From April 5 though 9, thousands of queer, trans, nonbinary, and otherwise spectacular folks descended on the Tropicana Hotel in Las Vegas for ClexaCon 2018. What followed was a long weekend celebrating the truths we all hold to be self-evident: that representation is important, that fans have the power to create change, and that women should be making out on TV whenever possible.
There were as many flavors of ClexaCon experiences as there were attendees, and they range from folks who took to it like a duck to water, to folks for whom the environment presented significant challenges. With that in mind, here is a slice from a cross-section people, from fans, to panelists to creators (including some familiar names). We also invite you to share your own reflections in the comment section, which is open to non-subscribers for this special occasion. So without further ado: ClexaCon 2018: We Came, We Saw, We Brunched.
Part of my social anxiety is that it is extremely hard for me do social things alone. It’s hard to explain, but it is almost a physical paralyzation. Just thinking about attending social events alone increases my heart rate and a large lump forms in my stomach and throat. This results in me often missing things I really want to go to. For this reason, I had been apprehensive of whether or not to go to ClexaCon because I knew I would be going alone, and I would be in a foreign environment with none of my safety blankets at my disposal. After long and careful consideration I decide that I wouldn’t really be alone because not only would I be surrounded by queer women who were just as invested in TV as I was, but I would be there with my fellow Earpers and Twitter friends. Every time I thought about that, my fear slightly subsided.
When I got into the Con, it was an absolute joy to walk around and see all of the amazing fanart, but after I did that for an hour or so I didn’t know what to do with myself. I had no friends that came with me. My biggest fears for why not to come were coming true within the first few hours. I found a few faces of Earpers that I met at different meetups and talked to online, but after saying hi and introducing myself, it felt like I was just on the outside trying to poke my way into an already solidified friend group. For the most part, that is how the rest of my day proceeded, only finding solace in the panels I attended, which reminded me why TV has always been so important to me. It has been my friend when I didn’t have any. It was my Friday and Saturday night plans in high school because I had no other alternative.
That night, I sat in my room, feeling more sad and lonely than I’ve felt in ages. This was supposed to be a lesbian Mecca where I was around my fellow people who were open and accepting and I felt like I was back in HS. It was then that I decided to go for a walk to CVS and during the walk I saw on Twitter that another group of Earpers were hanging out at a different bar. I only knew one of the girls that would be there, and I had only met her earlier that day while waiting for a panel, but I decided to put myself out there one more time. To my delight, they accepted me with open arms and I had a great night. I am so grateful they did, because that was the tipping point for what would become an amazing weekend that I will truly always treasure (besides dropping my phone in the toilet).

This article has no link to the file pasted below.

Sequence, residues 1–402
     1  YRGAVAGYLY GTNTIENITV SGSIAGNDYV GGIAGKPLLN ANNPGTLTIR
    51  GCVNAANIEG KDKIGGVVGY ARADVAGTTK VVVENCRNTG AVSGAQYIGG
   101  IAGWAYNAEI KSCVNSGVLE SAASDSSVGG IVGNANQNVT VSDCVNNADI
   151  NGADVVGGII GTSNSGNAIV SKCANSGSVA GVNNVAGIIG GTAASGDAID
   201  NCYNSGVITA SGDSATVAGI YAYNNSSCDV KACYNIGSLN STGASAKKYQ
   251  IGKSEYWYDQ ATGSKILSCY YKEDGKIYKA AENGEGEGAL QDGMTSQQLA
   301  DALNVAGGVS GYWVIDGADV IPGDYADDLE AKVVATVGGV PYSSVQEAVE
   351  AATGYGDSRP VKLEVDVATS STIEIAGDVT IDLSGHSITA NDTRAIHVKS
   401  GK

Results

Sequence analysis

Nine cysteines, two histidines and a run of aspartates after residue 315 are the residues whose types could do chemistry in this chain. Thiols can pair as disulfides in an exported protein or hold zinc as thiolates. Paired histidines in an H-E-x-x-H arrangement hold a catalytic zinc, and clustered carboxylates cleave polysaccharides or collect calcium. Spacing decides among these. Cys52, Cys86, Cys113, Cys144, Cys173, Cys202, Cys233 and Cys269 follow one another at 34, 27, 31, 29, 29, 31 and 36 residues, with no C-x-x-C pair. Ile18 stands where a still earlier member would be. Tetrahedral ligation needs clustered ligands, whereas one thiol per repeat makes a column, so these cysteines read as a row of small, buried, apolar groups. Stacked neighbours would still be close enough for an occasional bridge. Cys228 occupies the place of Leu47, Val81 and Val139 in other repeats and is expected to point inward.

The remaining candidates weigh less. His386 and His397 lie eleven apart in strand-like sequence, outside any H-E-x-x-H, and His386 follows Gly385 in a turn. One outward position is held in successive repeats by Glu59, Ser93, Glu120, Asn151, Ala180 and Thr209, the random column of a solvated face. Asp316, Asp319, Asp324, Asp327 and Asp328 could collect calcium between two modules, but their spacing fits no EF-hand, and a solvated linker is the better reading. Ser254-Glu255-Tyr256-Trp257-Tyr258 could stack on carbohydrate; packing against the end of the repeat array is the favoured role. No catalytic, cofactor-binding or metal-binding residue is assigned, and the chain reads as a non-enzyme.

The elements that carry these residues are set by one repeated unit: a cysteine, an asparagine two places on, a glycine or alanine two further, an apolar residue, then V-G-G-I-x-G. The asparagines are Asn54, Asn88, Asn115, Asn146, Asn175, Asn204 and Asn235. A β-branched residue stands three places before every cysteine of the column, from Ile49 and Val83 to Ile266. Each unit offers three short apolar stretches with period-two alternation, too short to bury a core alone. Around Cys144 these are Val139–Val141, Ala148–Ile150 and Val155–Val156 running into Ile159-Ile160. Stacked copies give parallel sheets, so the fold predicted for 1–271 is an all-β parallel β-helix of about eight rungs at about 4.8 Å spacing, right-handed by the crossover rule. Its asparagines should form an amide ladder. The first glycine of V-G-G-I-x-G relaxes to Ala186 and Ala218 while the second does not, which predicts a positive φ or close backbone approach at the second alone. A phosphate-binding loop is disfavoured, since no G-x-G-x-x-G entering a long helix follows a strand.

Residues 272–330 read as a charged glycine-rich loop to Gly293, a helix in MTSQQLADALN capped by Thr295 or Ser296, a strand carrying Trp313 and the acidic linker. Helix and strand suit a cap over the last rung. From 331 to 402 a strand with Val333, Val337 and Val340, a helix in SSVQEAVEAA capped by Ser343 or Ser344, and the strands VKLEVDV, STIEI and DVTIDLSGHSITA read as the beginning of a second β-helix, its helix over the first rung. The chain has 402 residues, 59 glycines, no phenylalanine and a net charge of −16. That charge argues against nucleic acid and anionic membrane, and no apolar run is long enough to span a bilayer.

The thing is, 4 years ago I would have never been able to go into that last bar after my previous experiences that first day. I keep thinking to myself “What would have happened if I attended ClexaCon at a time where I was in a lower point in my life?”
I think that if we are a community that stands for acceptance, support, and inclusiveness on the internet, we also have to practice those values when we meet in person at these cons as well. If there is an Earper that is alone at a Convention and they introduce themselves to you, ask them what they are doing later. Invite them to your group dinner. Make them feel like they are valued in this community because there are so many places that we aren’t.
Emily Andras (EP, Wynonna Earp) (Pictured here with Stephanie Beatriz) @emtothea
It is hard to explain the gratitude I feel toward ClexaCon. This year had grown exponentially (for better or worse) and the Earpers were there in droves. It also fell right when I was about to deliver the last script of season three to production so it signaled the near end of ‘making’ more show and the exciting next step when we get to promote said show.
I had such an amazing time at ClexaCon this year. One of my favorite things about the con is that it is two things in one. There’s the entertainment side, with the actors, producers, show runners who we all love, some of whom have changed my life with the characters they portray. But there’s also the educational and community side. I learn so much every year from the smaller panels and just speaking to people that I meet there for the first time in person.
One of the things I learned this year was about myself. I went into the con with questions about my own gender identity. The con just happened to be perfect timing for me to try out some new pronouns that I’d been pondering but too scared to really try in my regular life. The people I spent the con with, both longtime friends and brand new ones, were so enthusiastic about using my “trial” pronouns that I didn’t even feel any shame about crying in public when I became overwhelmed with how right ey/em and they/them felt to hear coming out of other people’s mouths. I don’t think I could have found a safer environment to discover/confirm that I really am nonbinary.
As wonderful as meeting the actresses who portray characters I love was, I think that the culture of kindness, generosity, and kinship that I found at ClexaCon this year is what truly made it an amazing experience for me.